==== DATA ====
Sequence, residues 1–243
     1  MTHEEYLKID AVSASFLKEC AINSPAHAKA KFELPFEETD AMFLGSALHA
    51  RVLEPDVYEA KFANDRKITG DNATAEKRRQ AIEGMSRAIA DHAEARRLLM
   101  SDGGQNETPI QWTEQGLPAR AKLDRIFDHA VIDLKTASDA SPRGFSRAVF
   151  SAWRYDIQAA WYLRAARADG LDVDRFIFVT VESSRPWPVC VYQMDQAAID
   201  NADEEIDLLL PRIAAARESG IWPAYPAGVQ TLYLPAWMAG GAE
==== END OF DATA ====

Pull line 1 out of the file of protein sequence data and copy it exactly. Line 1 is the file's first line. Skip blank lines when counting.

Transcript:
Sequence, residues 1–243